Choosing an Online College
Increasingly, many college students are choosing to pursue online programs that allow them the flexibility to work full-time, live where they choose, and still earn a degree that will help them land the job of their dreams after graduation. Though these programs are pretty desirable, they come with a number of their own considerations for students who intend to maximize the value and rigor of their higher education experience. Before choosing a program offered exclusively online, there are a few things to check and double-check.
– Accreditation Matters
Online universities aren’t exempt from the importance of regional accreditation. Make sure that any online university has received such distinction from a regional body since this will determine whether or not the program can be paid for using federal financial aid. Accreditation will also determine if the degree earned will be helpful for landing a job after graduation.
– Access to Library Materials
Any online program should provide a “virtual library” for distance learning students. This essentially allows students to view and “check out” library materials through their web browser rather than finding those same resources offline. This is an increasingly common practice, especially among larger state universities with global campuses.
– Technology Requirements
Students who intend to pursue an online college’s programs need to ensure that their computer is up to the task. Most online programs require a computer that has the latest Mac or Windows operating system, an updated web browser, a microphone and webcam, and access to a broadband Internet connection. Lack of any of these items could cause the student a great deal of difficulty and even cost them a good grade in one or more online classes.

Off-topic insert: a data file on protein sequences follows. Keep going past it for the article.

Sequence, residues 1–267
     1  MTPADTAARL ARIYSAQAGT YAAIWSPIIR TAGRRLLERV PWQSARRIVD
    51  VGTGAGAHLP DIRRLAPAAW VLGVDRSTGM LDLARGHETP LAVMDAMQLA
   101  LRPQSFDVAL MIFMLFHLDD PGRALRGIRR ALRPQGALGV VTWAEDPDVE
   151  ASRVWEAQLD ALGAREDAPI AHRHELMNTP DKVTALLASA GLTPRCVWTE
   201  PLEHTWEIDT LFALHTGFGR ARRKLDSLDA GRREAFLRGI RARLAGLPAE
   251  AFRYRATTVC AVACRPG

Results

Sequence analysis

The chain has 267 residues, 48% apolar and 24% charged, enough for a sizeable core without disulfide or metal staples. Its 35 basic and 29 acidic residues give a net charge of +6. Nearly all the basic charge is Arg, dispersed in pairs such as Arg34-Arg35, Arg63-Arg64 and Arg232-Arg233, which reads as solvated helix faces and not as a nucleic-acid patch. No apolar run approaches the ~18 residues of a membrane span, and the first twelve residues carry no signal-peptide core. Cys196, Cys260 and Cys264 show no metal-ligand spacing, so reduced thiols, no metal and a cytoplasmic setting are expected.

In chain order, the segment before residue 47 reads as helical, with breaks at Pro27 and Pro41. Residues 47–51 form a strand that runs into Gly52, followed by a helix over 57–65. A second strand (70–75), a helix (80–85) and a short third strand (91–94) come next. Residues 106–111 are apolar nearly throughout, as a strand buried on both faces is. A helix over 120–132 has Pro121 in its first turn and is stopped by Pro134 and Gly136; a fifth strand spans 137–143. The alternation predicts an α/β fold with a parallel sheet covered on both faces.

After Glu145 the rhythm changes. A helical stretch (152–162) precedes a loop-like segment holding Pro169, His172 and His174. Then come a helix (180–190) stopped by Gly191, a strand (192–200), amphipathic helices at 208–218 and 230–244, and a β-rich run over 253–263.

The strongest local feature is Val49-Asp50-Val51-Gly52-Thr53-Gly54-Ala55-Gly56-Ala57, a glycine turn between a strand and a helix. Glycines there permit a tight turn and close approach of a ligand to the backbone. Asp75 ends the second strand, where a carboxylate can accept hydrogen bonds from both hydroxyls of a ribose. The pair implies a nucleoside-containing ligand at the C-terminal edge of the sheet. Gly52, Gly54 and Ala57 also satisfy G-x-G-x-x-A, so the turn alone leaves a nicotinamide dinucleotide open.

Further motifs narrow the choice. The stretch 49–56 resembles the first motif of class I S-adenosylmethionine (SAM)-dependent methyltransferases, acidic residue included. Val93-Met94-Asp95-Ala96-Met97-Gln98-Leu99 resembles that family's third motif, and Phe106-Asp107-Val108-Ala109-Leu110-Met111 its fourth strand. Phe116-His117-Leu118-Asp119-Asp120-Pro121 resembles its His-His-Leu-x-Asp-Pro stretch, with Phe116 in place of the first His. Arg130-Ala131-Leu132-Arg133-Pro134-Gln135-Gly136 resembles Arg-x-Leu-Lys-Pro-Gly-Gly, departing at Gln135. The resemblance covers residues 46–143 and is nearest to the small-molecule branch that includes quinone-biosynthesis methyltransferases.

– Value, Rankings, and Retention
Online colleges aren’t exempt from the value proposition of their offline counterparts. Make sure that any online program offers great job placement, retention, and graduation rates. Ensure that the tuition charged to students is affordable both in the short-term and after graduation. Look into rankings of online schools to determine which ones offer the most rigorous and prestigious programs for this emerging, online classroom environment.
Preparing to Get Into the Best College
Though the prospect of attending college might be exciting, most students view the application process with a certain amount of dread. That’s because colleges tend to accept only a limited number of applicants. While some schools are more selective than others, the way they differentiate accepted applicants from those relegated to the wait-list or those denied admission entirely is rather standard. There are three key components to a successful college application.